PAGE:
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dc.contributor.author Williams, T. Walley III. en_US
dc.date.accessioned 2011-10-03T16:10:25Z
dc.date.available 2011-10-03T16:10:25Z
dc.date.issued 1993 en_US
dc.identifier.citation From "MEC 93," Proceedings of the 1993 MyoElectric Controls/Powered Prosthetics Symposium Fredericton, New Brunswick, Canada: August, 1993. Copyright University of New Brunswick. en_US
dc.identifier.uri http://hdl.handle.net/10161/4831
dc.description.abstract In another paper Rosa Jacobs will describe the Houston Flexible Wrist and its successful use on a nurnber of children and adults. Reported here is the method followed for generating a production version of this wrist and the several products that are now available. Figure 1 shows a cross sectional view of a typical wrist fit to a user in the Houston trials. The ball element is more accurately desaibed as a knob since there was no attempt to achieve true ball and socket fit. Rather contact between the knob and the edge of the hole in the lamination element tended toward a line contact Both elements were aluminum and the contact generated considerable wear and friction. The most important element in the wrist after the ball and socket is the cornpression pad assembly. As the hand moves with respect to the forearm, the pads are both compressed and stretched, There is a considerable absorption of energy since they are made of Poron foam; however, they do bring the wrist back to neutral whenever a deflecting torque is removed Though not shown in the drawing the glove worn with the typical hand is also part of the system tending to straighten the wrist back to neutral when it is bent. en_US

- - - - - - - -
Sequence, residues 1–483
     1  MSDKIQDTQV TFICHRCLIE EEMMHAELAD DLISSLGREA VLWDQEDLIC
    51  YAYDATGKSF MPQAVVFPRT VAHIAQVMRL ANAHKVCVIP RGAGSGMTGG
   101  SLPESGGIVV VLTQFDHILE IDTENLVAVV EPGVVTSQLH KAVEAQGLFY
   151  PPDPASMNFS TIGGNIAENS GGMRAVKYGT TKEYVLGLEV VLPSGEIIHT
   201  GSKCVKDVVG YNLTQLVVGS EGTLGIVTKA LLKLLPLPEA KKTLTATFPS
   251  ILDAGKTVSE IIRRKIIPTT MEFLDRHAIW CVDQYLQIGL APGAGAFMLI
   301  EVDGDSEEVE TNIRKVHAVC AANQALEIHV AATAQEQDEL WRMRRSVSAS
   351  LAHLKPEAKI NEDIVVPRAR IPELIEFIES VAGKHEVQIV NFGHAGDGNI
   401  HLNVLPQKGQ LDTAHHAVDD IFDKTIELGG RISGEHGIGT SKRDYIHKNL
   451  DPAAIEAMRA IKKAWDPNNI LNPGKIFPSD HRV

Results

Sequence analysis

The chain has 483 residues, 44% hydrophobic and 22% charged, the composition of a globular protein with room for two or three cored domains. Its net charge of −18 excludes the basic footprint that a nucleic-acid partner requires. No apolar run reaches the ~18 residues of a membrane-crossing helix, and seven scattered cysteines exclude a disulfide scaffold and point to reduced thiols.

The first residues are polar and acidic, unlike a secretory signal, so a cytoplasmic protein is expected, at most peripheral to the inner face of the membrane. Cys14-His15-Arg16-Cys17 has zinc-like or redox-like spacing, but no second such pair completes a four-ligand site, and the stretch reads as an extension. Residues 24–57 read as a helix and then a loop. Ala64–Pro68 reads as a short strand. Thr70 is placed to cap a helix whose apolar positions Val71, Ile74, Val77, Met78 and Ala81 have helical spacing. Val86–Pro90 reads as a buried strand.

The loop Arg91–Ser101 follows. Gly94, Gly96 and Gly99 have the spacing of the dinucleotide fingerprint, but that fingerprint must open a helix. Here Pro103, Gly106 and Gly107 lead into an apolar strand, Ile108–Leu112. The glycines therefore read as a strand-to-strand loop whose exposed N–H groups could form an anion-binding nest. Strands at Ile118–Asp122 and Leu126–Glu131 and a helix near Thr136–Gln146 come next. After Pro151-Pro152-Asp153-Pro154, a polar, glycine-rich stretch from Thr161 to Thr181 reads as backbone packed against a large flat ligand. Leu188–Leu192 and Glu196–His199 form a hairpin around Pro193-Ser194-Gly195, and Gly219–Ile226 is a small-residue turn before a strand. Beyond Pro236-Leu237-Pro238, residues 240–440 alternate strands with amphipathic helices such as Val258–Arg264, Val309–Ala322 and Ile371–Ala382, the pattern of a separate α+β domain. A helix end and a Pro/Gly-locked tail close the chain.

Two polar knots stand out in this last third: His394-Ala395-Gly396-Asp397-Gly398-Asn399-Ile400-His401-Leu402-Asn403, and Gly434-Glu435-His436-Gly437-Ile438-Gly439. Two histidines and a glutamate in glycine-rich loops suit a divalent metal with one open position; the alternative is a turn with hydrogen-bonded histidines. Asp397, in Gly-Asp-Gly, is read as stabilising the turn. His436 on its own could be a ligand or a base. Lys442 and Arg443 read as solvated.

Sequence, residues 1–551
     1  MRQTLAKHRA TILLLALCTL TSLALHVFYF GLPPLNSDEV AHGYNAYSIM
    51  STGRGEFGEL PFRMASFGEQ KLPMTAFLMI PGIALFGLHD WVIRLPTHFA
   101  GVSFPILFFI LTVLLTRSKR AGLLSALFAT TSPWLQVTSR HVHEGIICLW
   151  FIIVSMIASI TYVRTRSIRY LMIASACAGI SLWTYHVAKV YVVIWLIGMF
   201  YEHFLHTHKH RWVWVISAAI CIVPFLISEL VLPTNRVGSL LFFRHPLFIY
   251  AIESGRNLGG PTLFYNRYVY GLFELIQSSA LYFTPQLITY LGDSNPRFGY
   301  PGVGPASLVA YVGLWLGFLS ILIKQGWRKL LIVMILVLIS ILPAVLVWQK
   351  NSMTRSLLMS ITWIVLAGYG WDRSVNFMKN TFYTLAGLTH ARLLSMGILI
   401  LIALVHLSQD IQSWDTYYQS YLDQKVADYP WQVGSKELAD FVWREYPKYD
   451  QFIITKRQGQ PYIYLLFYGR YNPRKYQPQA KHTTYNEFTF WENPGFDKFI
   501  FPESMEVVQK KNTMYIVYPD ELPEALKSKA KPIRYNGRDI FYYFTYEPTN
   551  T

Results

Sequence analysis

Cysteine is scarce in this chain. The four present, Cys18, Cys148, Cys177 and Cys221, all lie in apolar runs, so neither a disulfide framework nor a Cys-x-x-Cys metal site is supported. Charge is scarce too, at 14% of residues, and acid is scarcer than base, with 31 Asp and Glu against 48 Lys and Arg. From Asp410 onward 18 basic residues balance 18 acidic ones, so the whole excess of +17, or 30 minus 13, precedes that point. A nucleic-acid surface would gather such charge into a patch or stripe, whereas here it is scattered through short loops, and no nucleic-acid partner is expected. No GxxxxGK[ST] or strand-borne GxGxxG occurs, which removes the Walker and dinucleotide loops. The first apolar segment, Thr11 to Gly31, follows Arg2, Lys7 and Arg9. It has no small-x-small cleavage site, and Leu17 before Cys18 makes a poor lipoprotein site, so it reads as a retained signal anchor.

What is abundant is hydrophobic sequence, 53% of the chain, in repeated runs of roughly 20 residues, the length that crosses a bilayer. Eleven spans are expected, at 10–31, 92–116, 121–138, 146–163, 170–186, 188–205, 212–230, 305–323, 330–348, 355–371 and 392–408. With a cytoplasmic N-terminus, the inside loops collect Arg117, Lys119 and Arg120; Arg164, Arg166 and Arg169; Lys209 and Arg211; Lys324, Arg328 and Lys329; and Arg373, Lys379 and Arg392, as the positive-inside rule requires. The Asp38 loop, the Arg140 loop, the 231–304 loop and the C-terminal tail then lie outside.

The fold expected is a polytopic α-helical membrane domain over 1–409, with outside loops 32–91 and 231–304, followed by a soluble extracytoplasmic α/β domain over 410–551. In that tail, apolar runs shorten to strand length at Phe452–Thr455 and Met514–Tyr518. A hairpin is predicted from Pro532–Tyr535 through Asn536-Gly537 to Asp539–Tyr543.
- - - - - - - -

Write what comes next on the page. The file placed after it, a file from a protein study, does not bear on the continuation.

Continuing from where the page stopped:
dc.publisher Myoelectric Symposium en_US
dc.title Reducing The Houston Flexible Wrist To Practice en_US

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